How Asia’s fintech revolution is helping small businesses build a better future

How Asia’s fintech revolution is helping small businesses build a better future

These collaborations will help migrant workers to get money for their families faster and make life easier for international students, but this rapidly changing digital financial ecosystem has the potential to be so much more. It can help people in low-income countries across Asia lift themselves out of poverty and take more control of their financial lives.

The Covid-19 pandemic accelerated use of digital payments as the fear of getting sick made cash transactions feel unsafe and impractical. Fintech came to the rescue of households that needed supplies but were locked down; local vendors and small businesses were ready to sell these supplies, and the banks created the infrastructure to help do so.

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According to a McKinsey survey, 75 percent of people who used digital payment methods for the first time during the pandemic indicated that they would continue to use them even after things were back to normal, a reality seen in the growing number of cashless transactions across Asia. Fintech funding in the region has more than doubled from US$5.2 billion to US$11.2 billion in the past two years, contributing more than 40 percent of the US$23.2 billion in global fintech investment.

This is not limited to digital payments across national borders. There were few stand-alone digital banks before the pandemic, but now this sector is poised for further growth as digital banking accelerates. In a rapid rise, China’s digital banks have amassed roughly 5 percent of the country’s $700 billion market share.

This is also the case with South Korea’s KakaoBank, which attracted more than 10 million customers two years later launch in 2017 and now has around 5 per cent of the country’s unsecured consumer loan market. Since 2019, the Hong Kong Monetary Authority has issued eight virtual banking licensesincluded to Standard Chartered-backed Mox and Livithe virtual bank owned by Bank of China.

Virtual banking is making life easier for small businesses and changing the way street vendors across Asia operate. Asia is already a hotspot for investment in startups, and that is expected to continue, creating more support for new businesses that would struggle to secure loans from traditional brick-and-mortar banks.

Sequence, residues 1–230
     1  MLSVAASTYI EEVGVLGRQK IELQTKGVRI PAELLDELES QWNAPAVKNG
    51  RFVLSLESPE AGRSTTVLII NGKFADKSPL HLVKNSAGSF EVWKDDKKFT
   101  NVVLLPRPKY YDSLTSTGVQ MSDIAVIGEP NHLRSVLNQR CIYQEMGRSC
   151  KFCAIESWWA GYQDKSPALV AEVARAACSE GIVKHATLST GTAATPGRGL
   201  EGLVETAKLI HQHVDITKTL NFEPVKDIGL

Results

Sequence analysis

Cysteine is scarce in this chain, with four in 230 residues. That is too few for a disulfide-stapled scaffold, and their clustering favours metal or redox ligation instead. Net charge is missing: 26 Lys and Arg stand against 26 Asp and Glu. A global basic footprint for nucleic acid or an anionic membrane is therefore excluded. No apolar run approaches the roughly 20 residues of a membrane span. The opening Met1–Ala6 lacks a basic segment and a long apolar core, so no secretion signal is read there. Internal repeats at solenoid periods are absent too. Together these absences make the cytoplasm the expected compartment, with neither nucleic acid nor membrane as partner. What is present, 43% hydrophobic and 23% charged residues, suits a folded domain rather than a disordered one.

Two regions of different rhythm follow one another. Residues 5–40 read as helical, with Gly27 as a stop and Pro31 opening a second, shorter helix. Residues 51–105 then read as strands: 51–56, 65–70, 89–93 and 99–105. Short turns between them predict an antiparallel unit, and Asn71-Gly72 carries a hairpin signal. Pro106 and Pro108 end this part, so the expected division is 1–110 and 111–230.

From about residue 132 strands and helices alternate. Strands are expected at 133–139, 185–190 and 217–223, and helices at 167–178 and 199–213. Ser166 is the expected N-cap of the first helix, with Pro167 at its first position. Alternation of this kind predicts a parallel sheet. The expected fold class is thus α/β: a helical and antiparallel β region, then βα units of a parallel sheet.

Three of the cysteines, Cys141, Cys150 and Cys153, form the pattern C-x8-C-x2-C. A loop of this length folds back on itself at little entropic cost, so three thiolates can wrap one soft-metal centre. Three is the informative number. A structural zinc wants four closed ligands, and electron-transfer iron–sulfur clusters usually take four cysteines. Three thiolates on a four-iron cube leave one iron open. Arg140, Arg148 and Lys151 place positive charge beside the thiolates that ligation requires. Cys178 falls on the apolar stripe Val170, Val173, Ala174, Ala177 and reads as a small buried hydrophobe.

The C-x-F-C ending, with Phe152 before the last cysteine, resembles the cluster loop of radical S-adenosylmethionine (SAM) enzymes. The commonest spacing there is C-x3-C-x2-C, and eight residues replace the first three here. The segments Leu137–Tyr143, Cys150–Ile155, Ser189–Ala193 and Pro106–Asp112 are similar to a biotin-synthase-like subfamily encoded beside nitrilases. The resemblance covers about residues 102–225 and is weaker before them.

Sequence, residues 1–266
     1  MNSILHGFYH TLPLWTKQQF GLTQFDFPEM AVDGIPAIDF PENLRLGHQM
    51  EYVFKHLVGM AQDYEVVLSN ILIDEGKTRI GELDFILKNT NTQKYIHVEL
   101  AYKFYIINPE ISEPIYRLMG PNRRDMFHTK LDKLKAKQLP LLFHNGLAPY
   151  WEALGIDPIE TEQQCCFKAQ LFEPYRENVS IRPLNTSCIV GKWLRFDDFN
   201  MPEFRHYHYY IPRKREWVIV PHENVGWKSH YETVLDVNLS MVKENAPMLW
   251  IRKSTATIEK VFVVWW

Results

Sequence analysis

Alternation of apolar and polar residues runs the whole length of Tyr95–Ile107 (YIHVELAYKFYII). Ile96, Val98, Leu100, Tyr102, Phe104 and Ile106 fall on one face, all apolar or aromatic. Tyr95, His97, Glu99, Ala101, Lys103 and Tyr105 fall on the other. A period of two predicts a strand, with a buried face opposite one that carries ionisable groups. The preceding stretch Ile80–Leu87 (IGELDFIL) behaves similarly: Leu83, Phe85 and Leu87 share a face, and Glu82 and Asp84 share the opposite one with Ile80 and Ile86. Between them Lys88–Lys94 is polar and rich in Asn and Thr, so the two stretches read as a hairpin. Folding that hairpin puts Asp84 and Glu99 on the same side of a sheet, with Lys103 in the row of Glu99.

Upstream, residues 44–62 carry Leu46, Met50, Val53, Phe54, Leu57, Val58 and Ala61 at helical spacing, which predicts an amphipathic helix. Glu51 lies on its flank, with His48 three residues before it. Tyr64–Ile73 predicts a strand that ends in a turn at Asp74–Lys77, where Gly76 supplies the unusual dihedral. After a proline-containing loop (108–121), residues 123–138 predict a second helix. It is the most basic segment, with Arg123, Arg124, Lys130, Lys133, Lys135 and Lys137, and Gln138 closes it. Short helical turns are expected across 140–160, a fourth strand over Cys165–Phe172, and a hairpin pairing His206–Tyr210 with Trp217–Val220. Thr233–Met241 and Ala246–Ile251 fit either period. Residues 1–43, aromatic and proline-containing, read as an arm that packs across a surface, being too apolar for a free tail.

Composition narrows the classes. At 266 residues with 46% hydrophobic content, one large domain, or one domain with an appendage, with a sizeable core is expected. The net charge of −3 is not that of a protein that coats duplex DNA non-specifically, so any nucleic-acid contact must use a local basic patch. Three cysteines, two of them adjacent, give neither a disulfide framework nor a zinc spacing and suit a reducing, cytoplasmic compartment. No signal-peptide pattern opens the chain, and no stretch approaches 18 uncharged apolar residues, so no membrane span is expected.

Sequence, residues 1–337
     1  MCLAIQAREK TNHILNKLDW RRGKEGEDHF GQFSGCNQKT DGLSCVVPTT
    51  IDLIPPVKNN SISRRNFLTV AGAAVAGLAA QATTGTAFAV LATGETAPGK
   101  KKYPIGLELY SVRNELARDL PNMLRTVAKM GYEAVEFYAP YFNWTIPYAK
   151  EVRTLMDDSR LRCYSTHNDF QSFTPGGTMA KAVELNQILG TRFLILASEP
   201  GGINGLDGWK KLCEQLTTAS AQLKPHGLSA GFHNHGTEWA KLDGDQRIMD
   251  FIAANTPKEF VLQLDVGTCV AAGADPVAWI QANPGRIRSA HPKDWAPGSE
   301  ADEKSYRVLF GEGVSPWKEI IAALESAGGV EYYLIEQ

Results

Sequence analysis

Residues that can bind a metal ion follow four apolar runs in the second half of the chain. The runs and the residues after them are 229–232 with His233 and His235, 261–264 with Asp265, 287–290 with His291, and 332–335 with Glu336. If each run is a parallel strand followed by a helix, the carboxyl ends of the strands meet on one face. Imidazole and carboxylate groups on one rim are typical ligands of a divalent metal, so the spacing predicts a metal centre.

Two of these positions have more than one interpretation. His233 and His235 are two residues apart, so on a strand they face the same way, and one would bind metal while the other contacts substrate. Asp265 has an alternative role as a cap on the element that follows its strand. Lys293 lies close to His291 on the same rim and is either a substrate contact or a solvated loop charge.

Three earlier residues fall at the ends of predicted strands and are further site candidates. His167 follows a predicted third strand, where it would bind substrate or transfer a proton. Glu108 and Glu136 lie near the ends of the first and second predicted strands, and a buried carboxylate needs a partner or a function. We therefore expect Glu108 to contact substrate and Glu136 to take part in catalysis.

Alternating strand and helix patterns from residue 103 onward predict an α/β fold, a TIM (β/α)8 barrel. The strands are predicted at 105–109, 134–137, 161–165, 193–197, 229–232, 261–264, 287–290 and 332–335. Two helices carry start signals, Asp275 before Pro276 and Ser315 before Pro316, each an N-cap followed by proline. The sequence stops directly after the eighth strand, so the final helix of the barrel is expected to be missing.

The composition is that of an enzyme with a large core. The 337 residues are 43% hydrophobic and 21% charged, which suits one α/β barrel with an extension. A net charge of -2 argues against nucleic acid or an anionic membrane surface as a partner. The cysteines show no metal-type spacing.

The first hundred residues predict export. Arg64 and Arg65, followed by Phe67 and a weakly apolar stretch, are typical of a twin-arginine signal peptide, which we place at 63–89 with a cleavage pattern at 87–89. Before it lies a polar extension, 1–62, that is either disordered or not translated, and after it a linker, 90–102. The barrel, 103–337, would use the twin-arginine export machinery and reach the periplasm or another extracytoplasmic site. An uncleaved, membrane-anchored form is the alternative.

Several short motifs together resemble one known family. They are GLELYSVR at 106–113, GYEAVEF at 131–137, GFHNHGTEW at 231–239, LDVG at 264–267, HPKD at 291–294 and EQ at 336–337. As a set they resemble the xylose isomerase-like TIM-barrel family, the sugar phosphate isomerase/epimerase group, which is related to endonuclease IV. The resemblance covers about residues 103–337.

The rise of fintech and the support of small businesses in Asia go hand in hand with the penetration of smartphones in low-income communities. According to a 2021 GSMA intelligence report, 1.2 billion people across Asia were connected to mobile internet by the end of 2020, representing a penetration rate of 42 percent.

While there are many challenges, including defining data protection and privacy as societies digitize, one of the benefits of this is the unique access it provides to decision makers. According to a report from the World Bank, digital payments enable governments to reach out with effective support in the form of health services, education and social protection and welfare measures in low-income communities. This is likely to make preparing for future challenges, such as another pandemic, much easier.

The geopolitical consequences of these transitions are significant. For years, China was the nerve center around which all Asian trade flowed. Today, with growing fintech collaborations and increasing mobile penetration, India, Bangladesh, Vietnam and Indonesia are emerging as hotspots.

In response to these changing dynamics, traditional Asian banks must be wary of losing market share as cross-border fintech collaborations make inroads at a rapid pace.

Many of these also embrace welfare measures. Take, for example, the Mekong Business Initiative, a joint venture between the Asian Development Bank and the Australian government that supports small businesses in Southeast Asia. The initiative has launched Kiu, a new e-commerce platform that will help SMEs in the region access financing and developed markets by connecting them with virtual loans and credit.

Fintech collaborations like these are now at the heart of Asian finance and have the potential to propel regional economies into the future. As Asia claims the global fintech spotlight, governments will continue to push towards a cashless economy, which is more transparent, accessible and could change the way Asia does business.

Kamala Thiagarajan is a freelance journalist based in Madurai, South India

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